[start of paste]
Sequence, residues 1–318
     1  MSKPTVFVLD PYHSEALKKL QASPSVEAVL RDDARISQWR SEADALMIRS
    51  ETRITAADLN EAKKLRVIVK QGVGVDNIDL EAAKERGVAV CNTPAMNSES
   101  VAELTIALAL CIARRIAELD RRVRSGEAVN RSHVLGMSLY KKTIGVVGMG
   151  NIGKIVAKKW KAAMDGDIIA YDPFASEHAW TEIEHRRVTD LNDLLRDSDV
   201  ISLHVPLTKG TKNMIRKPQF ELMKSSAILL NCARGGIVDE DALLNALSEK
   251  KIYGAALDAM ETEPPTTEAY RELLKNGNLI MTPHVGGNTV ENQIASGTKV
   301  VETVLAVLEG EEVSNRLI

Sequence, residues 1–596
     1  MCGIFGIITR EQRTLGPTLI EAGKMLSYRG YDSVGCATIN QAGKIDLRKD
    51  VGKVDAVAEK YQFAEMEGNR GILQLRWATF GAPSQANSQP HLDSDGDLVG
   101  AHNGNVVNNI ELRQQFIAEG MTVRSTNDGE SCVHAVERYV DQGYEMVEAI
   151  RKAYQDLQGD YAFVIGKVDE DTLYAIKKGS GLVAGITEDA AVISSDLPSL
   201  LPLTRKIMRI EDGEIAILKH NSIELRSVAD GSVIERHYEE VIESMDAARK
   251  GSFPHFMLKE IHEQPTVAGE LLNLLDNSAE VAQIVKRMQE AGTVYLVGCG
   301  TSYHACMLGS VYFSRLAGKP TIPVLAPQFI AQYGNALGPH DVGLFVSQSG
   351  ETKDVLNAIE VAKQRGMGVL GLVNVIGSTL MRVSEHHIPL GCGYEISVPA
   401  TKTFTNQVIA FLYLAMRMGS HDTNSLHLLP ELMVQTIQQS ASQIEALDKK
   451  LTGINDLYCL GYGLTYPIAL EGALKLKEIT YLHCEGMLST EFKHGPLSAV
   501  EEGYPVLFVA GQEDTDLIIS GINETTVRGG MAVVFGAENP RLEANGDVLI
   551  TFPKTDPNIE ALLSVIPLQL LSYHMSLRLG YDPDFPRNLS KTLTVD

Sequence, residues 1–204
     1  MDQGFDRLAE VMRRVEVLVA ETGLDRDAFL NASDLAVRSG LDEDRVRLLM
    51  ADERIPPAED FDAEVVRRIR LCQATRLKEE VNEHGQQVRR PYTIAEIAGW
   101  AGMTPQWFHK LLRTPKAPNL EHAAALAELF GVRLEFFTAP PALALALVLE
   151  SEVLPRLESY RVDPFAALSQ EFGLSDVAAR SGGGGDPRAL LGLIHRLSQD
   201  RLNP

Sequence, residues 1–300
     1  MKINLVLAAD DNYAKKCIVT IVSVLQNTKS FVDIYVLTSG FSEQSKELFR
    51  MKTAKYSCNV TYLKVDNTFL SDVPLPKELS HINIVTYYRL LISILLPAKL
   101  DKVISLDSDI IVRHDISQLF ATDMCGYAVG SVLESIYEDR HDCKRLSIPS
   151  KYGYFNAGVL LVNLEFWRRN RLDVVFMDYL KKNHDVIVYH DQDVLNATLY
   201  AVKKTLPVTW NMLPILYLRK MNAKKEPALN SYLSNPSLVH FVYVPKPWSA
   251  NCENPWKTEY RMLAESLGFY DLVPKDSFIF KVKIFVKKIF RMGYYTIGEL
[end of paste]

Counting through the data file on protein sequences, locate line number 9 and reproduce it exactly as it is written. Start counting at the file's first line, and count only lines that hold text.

Sequence, residues 1–596